“‘I think a recession, at this stage, is almost inevitable. The probability of a recession in 2023 is certainly very very high, because of the challenges of getting this roaring inflation under control and having so few tools to control the supply side of the economy ‘”
For months, former Fed Governor Roger Ferguson has worried the risks of a recession were rising. Now, he said, a recession in 2023 is nearly unavoidable, with the chances “definitely over 50%,”
What changed? In an interview Monday on CNBC, Ferguson said it was fresh signs of spreading global economic weakness, including in China.
“The rest of the world is also slowing pretty dramatically,” just when the Fed as other central banks are starting to raise interest rates to try to curb inflation.
“It’s a witches brew,” Ferguson said.
Ferguson was a governor and then vice chairman of the Federal Reserve from 1996 until 2006 and was the CEO of Teachers Insurance and Annuity Association [TIAA] from 2008 until 2021.
Despite the signs of slowing from abroad, the Fed has no choice but to continue to raise rates, Ferguson said. “They’ve got to maintain credibility, which to date they’ve done reasonably well,” he said. The central bank will validate the market’s expectation of several half-percentage-point rate hikes this year, Ferguson added.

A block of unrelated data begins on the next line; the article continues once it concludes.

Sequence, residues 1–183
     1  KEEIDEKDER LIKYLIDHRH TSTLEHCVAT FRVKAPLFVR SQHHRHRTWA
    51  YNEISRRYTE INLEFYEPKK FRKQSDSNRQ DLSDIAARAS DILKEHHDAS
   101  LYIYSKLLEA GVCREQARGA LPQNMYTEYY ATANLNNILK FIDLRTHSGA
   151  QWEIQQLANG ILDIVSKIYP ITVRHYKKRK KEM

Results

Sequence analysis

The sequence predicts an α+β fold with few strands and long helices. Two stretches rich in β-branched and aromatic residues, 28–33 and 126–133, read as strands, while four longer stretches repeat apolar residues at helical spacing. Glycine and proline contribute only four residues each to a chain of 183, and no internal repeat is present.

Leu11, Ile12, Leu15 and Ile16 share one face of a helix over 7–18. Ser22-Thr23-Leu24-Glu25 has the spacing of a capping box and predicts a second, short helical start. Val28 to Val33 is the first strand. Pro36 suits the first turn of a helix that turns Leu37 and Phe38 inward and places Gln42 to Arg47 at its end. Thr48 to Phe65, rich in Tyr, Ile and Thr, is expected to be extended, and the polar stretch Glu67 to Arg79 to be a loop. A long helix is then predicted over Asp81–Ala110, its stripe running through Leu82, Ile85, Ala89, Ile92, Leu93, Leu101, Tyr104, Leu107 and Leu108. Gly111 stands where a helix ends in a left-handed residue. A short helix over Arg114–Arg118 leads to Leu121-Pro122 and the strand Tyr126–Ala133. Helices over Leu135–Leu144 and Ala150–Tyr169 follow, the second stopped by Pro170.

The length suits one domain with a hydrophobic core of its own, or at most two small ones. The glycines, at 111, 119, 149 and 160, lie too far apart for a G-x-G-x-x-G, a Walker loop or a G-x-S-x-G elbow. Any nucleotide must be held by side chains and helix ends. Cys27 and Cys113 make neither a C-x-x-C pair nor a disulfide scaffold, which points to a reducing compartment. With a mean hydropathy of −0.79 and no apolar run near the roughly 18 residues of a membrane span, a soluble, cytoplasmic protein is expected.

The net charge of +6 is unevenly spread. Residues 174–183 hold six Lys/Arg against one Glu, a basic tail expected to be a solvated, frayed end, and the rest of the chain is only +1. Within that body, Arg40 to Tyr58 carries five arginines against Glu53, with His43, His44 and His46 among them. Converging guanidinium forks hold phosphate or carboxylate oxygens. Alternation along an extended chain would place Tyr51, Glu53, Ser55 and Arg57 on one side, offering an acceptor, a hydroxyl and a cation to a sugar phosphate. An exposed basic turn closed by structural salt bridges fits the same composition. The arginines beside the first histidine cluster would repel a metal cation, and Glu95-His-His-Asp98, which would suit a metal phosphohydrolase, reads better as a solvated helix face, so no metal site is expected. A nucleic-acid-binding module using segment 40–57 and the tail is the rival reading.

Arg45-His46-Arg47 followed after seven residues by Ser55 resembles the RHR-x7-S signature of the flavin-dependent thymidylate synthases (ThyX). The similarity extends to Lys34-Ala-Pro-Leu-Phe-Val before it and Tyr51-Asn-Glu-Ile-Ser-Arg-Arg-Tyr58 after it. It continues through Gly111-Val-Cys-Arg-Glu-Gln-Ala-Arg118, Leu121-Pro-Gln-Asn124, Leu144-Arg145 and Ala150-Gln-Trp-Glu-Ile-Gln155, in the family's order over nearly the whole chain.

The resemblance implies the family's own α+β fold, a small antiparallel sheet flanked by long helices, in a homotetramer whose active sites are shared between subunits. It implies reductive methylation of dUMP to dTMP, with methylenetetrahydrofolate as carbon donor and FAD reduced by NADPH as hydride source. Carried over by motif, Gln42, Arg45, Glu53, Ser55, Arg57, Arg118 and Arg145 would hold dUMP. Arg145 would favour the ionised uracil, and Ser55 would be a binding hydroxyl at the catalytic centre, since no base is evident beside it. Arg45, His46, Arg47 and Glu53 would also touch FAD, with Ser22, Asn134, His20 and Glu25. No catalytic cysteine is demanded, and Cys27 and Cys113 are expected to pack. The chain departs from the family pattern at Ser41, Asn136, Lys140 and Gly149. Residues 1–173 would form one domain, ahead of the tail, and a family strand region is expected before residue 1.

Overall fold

Read:Fed’s half-percentage -point interest rate hike seen as baked in cake
All that means a recession will follow.
“The probability of a recession in 2023 is certainly very very high, because of the challenges of getting this roaring inflation under control and having so few tools to control the supply side of the economy,” he said.
A mild recession would be the best-case scenario.
If the economy could escape with only two quarter of negative GDP, it “would be a win, quite frankly,” Ferguson said.
Stocks DJIA, +0.26% SPX, +0.57% were lower Monday on renewed concern about the economic impact of looming Fed rate hikes The yield on the 10-year Treasury note TMUBMUSD10Y, 2.972% rose closer to 3%.
This article was originally published by Marketwatch.com. Read the original article here.